Resolutions for your tech life in the coming year
By Eric Geier (Our Founder & Owner)
Originally published by Cox Media Group on 12/31/18
This is the time to make resolutions for your life in the coming year. Along with the usual health and finance resolutions, don’t forget about your tech life. Here are some to consider regarding your computers and gadgets in 2019:
Back up your data: I know I mention this often, but it’s so important! Not backing up is one of biggest tech mistakes we see people make every day. Though IT pros like us can typically recover your data after a computer crash or virus, there are certainly times when we cannot, or you have to send your drive off to a clean-room recovery lab for thousands of dollars. If you have photos, documents, and other files you don’t want to lose, you should back them up.
There are two main backup options: back up to a secondary drive plugged into your computer or back up to an online service. Backing up to a drive allows you to restore your data quicker, if it’s ever needed, and requires a one-time purchase of $20 to $85 for the backup drive. Backing up to an online service better protects your backup from theft and local disasters, but requires paying a reoccurring fee, typically starting at $5 to $15 per month. Some popular online backup services include Carbonite, Back Blaze, and Mozy, but our favorite is iDrive ().
If you take photos with your smartphone, I suggest using the backup feature of Android or iPhone to sync your photos online in case your phone becomes lost, stolen, or broken.
Upgrade any computers with Windows XP, Vista, or 7: Microsoft ended all support including security patches for Windows XP and Vista years ago. If your computer still has those Windows versions, you should get a new computer ASAP due to the usability, reliability and security issues.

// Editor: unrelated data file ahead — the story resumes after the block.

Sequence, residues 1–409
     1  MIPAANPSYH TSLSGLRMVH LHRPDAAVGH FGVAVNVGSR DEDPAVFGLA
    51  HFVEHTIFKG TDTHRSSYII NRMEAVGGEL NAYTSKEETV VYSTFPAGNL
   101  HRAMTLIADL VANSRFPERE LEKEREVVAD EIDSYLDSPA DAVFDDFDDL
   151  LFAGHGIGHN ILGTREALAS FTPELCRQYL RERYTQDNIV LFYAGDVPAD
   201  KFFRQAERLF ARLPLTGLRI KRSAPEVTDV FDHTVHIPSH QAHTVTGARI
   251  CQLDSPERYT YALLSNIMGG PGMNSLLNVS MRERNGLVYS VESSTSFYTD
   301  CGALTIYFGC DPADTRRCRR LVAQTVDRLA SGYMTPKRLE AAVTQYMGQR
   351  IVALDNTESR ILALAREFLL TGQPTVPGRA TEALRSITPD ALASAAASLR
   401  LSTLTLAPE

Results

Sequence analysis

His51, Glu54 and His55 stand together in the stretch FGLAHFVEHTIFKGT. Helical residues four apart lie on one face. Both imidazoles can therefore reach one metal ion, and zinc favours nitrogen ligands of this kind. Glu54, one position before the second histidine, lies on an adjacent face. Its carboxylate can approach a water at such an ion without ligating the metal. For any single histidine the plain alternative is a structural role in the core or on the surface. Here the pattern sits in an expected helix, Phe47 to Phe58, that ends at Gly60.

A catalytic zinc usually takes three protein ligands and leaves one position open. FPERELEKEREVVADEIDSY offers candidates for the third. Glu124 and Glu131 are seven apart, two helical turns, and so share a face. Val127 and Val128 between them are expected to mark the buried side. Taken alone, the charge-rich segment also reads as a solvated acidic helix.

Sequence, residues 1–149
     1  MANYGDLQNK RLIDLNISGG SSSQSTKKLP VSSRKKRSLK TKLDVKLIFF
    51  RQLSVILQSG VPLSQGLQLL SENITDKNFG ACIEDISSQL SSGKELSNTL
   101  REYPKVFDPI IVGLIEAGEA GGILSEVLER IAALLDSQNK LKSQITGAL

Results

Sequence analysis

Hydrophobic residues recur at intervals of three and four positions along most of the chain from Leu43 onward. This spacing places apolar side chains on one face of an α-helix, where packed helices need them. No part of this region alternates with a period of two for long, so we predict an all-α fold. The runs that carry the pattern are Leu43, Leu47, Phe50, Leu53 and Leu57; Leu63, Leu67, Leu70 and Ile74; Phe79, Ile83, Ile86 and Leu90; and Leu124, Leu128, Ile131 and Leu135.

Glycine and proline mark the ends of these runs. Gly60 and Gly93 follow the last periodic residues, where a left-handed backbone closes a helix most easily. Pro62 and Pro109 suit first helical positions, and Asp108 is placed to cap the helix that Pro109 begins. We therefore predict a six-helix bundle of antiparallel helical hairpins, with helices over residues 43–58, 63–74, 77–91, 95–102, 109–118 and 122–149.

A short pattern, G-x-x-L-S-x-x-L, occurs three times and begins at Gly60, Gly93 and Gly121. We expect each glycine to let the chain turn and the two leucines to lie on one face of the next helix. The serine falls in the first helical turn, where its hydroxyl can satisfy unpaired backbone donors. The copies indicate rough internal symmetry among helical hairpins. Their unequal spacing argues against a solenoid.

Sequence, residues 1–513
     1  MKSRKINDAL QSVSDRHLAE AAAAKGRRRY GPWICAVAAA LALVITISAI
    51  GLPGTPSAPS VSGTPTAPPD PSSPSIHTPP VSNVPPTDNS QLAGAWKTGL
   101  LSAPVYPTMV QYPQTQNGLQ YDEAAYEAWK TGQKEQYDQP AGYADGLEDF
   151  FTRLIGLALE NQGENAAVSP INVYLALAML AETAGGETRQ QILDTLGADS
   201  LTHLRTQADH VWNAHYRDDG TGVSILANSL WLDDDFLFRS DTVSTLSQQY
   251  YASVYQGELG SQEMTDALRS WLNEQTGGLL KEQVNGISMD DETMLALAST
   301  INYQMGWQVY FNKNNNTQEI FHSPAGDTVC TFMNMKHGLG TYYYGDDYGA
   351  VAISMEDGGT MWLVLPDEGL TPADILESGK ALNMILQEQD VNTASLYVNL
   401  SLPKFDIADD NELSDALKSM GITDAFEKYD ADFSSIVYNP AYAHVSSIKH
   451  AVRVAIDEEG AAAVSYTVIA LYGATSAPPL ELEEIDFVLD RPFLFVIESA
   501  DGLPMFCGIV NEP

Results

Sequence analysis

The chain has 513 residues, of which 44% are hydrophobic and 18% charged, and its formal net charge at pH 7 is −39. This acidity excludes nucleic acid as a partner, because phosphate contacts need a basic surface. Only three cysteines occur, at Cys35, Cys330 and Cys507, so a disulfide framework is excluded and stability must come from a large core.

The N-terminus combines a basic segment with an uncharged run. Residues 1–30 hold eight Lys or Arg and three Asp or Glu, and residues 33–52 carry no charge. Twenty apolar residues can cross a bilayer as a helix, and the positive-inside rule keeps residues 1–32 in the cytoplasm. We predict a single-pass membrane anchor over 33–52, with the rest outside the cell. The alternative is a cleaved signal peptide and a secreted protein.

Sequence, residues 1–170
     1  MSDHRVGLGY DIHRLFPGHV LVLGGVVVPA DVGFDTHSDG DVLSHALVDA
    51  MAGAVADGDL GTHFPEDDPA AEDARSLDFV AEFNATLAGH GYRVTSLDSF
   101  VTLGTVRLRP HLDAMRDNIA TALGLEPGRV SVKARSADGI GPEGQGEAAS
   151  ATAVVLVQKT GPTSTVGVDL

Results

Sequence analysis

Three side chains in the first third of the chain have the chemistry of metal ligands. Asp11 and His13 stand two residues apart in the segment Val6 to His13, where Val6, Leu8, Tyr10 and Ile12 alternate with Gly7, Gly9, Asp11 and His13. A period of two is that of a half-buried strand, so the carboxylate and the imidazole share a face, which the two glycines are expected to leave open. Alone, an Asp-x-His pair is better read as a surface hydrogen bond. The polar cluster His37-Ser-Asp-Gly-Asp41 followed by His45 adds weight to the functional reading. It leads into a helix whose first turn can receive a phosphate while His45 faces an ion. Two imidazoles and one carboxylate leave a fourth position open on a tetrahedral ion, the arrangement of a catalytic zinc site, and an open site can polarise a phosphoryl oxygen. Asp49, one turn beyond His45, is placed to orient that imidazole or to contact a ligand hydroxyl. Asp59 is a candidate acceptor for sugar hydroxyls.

Microsoft is also ending support for Windows 7 in January 2020, so if you still have that version, you should upgrade in 2019.1 suggest getting advice from IT pros to determine if you should upgrade the computer to Windows 10 (which is still free) or just buy a newer computer with Windows 10.
Get a checkup and cleanup for your computer: I suggest having a computer tech look at your computer each year, regardless if you have any apparent issues or not. And for businesses I suggest a checkup at least every six months. The tech can do a general checkup to ensure you’re protected from malware and check for any signs of any failing hardware before they fully fail. They can also do a cleanup or tuneup to eliminate junk and perform some proactive maintenance to maybe speed it up.
Don’t fall for any computer scams: We get customers all the time who have been scammed by fake remote support companies. They either received a phone call out of the blue from the scammer or got a popup on their computer prompting them to call the scammer. The scammers are very good at convincing people that they have some sort of computer problem, like a virus or that they’ve been hacked, and typically say they’re from Windows or Microsoft. I’ve heard them asking anywhere from $100 to $1,500 to fix the made-up issues. Sometimes the scammers say it includes unlimited tech support for years.
If you ever get an unsolicited phone call like I described, simply hang up and ignore them. If you ever see a popup on your computer prompting you to call, don’t call them. However, you should call a local computer support company for advice since your computer might actually have adware or malware that’s causing the popups.
If you ever do fall victim and let a scammer remotely control your computer and/ or pay them, I certainly suggest getting the computer checked out and also contacting your credit card company or bank to report the fraud.